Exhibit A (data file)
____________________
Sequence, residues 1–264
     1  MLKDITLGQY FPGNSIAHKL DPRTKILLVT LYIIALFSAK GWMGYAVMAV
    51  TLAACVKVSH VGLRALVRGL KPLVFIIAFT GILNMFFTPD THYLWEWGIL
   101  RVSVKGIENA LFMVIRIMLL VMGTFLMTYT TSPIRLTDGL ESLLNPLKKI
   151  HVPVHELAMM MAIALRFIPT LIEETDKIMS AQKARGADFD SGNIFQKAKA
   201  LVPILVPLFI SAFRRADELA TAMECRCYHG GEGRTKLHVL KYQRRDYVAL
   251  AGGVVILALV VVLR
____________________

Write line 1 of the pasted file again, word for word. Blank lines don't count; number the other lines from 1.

Sequence, residues 1–264